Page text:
Olli-Pekka Laine – The magic was there already, soon as we started to rehearse for the upcoming gigs. I played one or two shows, seven or ten years ago during the anniversary tour, and at all times it is there. When it comes to the album, we started recording it around two months after the last gig of the Under the Red Cloud tour, and we started to rehearse very shortly after that last show.
The songs are made by Esa and my input is that we as a band help arrange them as they are on the album. It was kind of a demanding job as well, because those rough demos are made at home and we needed to tweak them to be Amorphis songs, in a way. In that way it’s like we did things together. I didn’t write the music for the album, but maybe that will be different next time. We were touring the whole summer prior and I was working. Festival gigs on the weekend and then I went to work on Monday and there was no time to write music.
CrypticRock.com – That sounds quite demanding, to juggle those two careers. Queen of Time is the second Amorphis album produced by the famed Jens Bogren. Were you familiar with the man prior to the recording of the new album?
Olli-Pekka Laine – I wasn’t familiar with him but I knew what he has done. I knew he recorded Under The Red Cloud (2015), and Sami (Yli-Sirnio, Barren Earth guitarist) from Kreator had been working with him, so I knew what he was all about. I was afraid, can I pull it off, because he is quite a demanding producer. It was a useless fear because I tend to play many notes on the chords, and he kind of told me to play even more, which is totally opposite of what I expected. I thought he would simplify things more, but that wasn’t the case. He let me play how I wanted. Of course I was there for three days playing my bass parts, and it was tough, 15 hour days, but the session itself was really well organized. We track the drums in Stockholm, all together, and then we tracked the demo tracks during the same time, with Snoopy (Jan Rechberger) on the drums. We went there one by one doing our own performances. He’s a great guy, Jens, and really brilliant to work with.
CrypticRock.com – What a relief it must be to work with a producer who can bring the best out of a band. Two-thousand and thirteen’s Circle was a greatly enjoyable album, but as far as production goes, Peter Tägtgren had a completely different style as opposed to Bogren. Amorphis seems to fit into Bogren’s vision a bit better, do you think?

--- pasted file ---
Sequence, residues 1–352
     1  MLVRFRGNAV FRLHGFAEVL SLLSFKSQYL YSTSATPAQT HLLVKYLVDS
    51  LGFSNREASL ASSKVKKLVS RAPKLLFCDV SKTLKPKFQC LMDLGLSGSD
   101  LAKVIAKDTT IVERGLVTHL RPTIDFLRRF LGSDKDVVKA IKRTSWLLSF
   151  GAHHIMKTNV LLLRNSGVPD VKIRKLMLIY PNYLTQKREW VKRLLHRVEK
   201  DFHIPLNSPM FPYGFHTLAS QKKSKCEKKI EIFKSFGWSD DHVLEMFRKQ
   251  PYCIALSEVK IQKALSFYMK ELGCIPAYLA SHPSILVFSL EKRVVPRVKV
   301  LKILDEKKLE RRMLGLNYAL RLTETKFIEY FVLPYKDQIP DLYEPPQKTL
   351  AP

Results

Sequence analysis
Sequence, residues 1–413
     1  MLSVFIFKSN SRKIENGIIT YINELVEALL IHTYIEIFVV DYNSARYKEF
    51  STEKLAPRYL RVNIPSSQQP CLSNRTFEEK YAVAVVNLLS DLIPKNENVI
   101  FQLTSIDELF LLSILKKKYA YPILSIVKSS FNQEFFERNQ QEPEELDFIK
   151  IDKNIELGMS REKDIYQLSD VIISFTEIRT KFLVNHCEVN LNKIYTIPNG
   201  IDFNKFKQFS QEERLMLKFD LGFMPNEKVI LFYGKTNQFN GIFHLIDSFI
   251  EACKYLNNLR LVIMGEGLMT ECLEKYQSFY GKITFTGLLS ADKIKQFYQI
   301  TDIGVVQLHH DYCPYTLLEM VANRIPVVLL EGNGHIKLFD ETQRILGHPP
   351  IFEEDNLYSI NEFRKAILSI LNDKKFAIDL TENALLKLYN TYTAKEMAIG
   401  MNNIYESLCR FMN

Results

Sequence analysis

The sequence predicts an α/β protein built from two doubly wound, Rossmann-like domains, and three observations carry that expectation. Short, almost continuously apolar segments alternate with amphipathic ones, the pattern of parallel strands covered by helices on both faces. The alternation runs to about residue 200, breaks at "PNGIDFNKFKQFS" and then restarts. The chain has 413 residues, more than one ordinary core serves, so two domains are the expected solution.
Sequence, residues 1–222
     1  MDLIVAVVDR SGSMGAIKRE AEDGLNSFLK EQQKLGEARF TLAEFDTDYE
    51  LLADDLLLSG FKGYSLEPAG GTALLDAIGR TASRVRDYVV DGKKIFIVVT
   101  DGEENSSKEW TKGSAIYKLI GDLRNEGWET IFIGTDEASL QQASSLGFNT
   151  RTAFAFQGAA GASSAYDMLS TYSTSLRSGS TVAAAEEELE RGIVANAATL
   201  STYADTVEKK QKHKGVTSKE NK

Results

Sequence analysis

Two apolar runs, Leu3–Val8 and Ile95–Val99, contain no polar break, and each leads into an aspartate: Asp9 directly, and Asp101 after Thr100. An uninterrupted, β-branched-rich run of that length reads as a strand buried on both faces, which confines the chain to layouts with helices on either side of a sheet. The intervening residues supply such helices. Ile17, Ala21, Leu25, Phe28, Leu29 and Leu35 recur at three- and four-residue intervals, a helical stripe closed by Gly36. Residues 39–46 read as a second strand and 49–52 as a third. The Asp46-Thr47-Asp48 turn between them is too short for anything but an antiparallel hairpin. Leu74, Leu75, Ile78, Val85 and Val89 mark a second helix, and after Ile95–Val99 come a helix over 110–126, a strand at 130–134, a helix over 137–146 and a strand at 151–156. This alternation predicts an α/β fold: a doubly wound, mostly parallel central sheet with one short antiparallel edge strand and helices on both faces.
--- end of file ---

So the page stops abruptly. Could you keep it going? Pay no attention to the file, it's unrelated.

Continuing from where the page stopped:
Olli-Pekka Laine – Yeah, I like Circle as well. It was a good experiment for them getting back to the Extreme Metal roots on that album. Then, trying out Jens, who is a great fan of growling vocals and loud guitars, he always prefers the harder option of the songs. For example, he switched from clean vocals to growling vocals, which is kind of nice because he knows where we come from. I don’t know if its intentional to lead Amorphis a little more to the ’90s sound, but that is how I see it.
CrypticRock.com – Well the results speak for themselves. Who were your major personal musical inspirations? Who made you want to pick up an instrument and want to learn to play it?
Olli-Pekka Laine – As a kid I was really impressed with KISS, Mötley Crüe, and AC/DC, those basic Rock bands. Those were the bands I really started to rehearse, I practiced songs from. There is a couple of Finnish artists who inspired me in the first place to listen to music, to want to play bass guitar actually. I have a really musical background from my family because my father was a music journalist and we went to many jazz festivals. We played jazz music at home. That’s where it comes from. I think the ’70s/’80s Rock bands were the nail in the coffin for my career.
CrypticRock.com – Very interesting to hear where it all stemmed from. Last question for you, CrypticRock also covers Horror/Sci-Fi films. If you are a fan of these genres, do you have any favorites?
Olli-Pekka Laine – Most of what I like is from the ’70s and ’80s like The Omen (1976), The Evil Dead (1981), Evil Dead II (1987), and The Shining (1980). Those are the movies which should be watched from crappy VHS cassettes to get the mood. Back in the ’80s and ’90s, the necromantic films, snuff films, and Braindead, aka Dead Alive (1992), too. I prefer the classic films. I think The Omen is my favorite.
Watching Horror movies these days, it’s hard to come up with new stuff. The Conjuring (2013) was quite good, but I haven’t been able to really watch any good ones lately. I watched the It (2017) movie. It was good entertainment. The new trend of making movies that resemble the ‘70s era, I like.